Can its allies still rely on the United States? America’s huge failure in Afghanistan will have consequences for American diplomacy, and criticism of Joe Biden is mounting.
The Taliban victory deeply damages America’s image. At the end of 20 years of military presence in Afghanistan, the United States’ longest war has ended in a spectacular victory for the Taliban, permanently tarnishing the image of the world’s greatest power.
The collapse of the Afghan government and its Washington-funded army on Aug. 15, the flight abroad of President Ashraf Ghani, and the procession of helicopters evacuating staff from the American Embassy: These historical facts are likely to overshadow assurances from the Biden administration that the mission was successful.
$2 Trillion for What?
With the Taliban in power once again and less than a month remaining until the anniversary of the 9/11 attacks, the question of “why?” is likely to be asked again with renewed insistence: Why were 2,500 American lives lost? Why has the bill exceeded $2 trillion?
Some, like Republican Rep. Liz Cheney, are already concerned that the debacle will undermine Washington’s activities in other arenas abroad, and that the United States no longer instills the same fear in its enemies.
“It’s inexcusable. It’s devastating. And it is going to have ramifications, not just for Afghanistan, not just for us in Afghanistan, not just for the war on terror, but globally for America’s role in the world,” Cheney said on Sunday.
The United States’ defeat means that “America’s adversaries know they can threaten us, and our allies are questioning this morning whether they can count on us for anything,” she continued.
Husain Haqqani, a former Pakistani ambassador to the United States, had the same message. “America’s credibility as an ally has eroded because of the manner in which the Afghan government was abandoned during the Doha talks,” he commented, referring to the series of international meetings held in Qatar, which later broke down.
For Haqqani, now an expert at the Hudson Institute, the way in which the Taliban manipulated American delegates at these meetings “will encourage others to engage in similar duplicitous diplomacy.”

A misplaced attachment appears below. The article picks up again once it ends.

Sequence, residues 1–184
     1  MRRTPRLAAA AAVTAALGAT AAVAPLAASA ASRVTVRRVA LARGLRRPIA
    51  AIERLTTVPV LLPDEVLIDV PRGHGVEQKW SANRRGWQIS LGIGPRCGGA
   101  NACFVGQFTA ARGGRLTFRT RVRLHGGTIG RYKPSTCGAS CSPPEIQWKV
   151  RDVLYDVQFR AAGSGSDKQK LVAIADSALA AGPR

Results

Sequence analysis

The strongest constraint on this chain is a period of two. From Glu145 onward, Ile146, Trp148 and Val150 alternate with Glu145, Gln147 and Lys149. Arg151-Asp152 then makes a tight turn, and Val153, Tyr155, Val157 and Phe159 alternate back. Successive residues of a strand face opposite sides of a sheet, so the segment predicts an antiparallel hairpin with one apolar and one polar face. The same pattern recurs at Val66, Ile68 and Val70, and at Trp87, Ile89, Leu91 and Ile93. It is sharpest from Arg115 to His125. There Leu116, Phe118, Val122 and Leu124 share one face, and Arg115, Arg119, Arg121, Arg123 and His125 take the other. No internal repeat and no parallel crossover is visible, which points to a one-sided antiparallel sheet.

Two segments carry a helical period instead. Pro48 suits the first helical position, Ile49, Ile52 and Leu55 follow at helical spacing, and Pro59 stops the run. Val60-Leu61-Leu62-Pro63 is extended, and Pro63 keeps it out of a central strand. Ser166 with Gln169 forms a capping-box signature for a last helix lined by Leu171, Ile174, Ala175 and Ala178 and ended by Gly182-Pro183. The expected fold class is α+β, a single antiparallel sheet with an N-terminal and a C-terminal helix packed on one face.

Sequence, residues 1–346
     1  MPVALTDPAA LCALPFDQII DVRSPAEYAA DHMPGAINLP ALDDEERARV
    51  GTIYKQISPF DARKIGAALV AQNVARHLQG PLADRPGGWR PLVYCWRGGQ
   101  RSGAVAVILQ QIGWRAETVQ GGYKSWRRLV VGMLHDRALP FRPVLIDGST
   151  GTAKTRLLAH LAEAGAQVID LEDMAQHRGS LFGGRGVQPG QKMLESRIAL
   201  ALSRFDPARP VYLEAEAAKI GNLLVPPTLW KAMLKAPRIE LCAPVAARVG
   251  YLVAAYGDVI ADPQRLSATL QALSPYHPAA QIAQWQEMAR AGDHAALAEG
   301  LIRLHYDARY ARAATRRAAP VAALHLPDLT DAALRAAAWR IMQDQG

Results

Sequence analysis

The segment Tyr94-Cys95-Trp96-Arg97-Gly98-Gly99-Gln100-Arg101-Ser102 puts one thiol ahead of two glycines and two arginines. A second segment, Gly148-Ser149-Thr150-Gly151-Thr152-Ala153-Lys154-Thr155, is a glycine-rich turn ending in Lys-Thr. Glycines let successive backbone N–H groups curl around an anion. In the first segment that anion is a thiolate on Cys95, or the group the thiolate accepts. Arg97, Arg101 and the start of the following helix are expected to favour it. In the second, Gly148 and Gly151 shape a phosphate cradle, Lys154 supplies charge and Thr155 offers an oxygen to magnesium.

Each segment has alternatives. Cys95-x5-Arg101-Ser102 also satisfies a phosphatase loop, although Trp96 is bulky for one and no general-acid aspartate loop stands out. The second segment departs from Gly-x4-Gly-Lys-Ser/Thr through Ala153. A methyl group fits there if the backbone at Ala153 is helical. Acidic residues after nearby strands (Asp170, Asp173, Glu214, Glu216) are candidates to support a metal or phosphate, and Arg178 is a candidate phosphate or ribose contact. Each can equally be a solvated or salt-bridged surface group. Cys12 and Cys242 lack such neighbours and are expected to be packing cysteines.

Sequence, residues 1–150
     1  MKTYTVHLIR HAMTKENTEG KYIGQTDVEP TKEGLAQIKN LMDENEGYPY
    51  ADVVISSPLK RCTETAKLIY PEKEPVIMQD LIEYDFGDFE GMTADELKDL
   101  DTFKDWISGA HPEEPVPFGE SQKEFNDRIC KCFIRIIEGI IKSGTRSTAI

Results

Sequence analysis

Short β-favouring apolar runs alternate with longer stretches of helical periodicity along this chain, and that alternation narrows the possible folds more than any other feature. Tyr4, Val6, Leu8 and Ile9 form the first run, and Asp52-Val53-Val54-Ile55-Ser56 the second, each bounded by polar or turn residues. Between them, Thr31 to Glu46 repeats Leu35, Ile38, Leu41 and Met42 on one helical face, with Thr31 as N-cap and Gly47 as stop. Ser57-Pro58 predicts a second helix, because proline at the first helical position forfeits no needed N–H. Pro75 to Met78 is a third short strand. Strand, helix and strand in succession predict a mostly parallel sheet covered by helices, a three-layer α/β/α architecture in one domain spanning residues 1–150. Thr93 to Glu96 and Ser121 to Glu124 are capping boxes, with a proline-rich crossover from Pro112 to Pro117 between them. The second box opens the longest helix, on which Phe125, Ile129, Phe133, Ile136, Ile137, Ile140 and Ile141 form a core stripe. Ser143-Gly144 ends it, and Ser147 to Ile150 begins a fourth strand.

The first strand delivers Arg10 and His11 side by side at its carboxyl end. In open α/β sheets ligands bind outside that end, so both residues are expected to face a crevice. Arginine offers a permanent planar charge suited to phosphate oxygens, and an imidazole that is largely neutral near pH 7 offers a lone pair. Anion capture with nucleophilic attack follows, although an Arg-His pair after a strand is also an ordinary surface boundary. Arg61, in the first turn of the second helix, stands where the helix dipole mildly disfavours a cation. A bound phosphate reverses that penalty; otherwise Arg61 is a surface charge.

‘This Is Not Saigon’
In its defense, the Biden administration may reiterate that the Doha agreement was negotiated by former President Donald Trump, and that the majority of Americans are opposed to an endless war.
But Trump intends to shift the blame entirely to his successor. “What Joe Biden has done with Afghanistan is legendary. It will go down as one of the greatest defeats in American history,” the former Republican president jeered.
Meanwhile, Secretary of State Antony Blinken has tried to dismiss comparisons to the fall of Saigon in 1975. “We went to Afghanistan 20 years ago, with one mission in mind, and that was to deal with the people who attacked us on 9/11. And that mission has been successful.”
But staying in Afghanistan indefinitely “is not in the national interest,” he added, recalling that the United States now seeks the means to counter China’s aggressive policy in the Pacific.
Beijing Takes Advantage of the Situation
“There’s nothing that our strategic competitors around the world would like more than to see us bogged down in Afghanistan for another five, 10, or 20 years,” Blinken stressed.
China, which Washington considers its No 1 rival, has already begun to take advantage of the situation by way of an analysis published in the state-run Global Times. According to the newspaper, well-known for its nationalist tone, Afghanistan illustrates “the unreliability of U.S. commitments to its allies: When its interests require it to abandon allies, Washington will not hesitate to find every excuse to do so.”
Richard Fontaine, CEO of the Center for a New American Security, believes, however, that it is too simplistic to speculate that the defeat in Afghanistan will encourage Beijing to intervene in Taiwan, an island it considers its own, but whose defense is founded on American military support.
In fact, he thinks the opposite — that this costly withdrawal from Kabul could be seen by China as an indication of Washington’s determination to now refocus on the Pacific.
Fontaine also noted that the justification for America’s refocus on the Pacific may not pay off if attacks against the U.S., orchestrated in Afghanistan, resume, as the Taliban has never clearly broken ties with al-Qaida.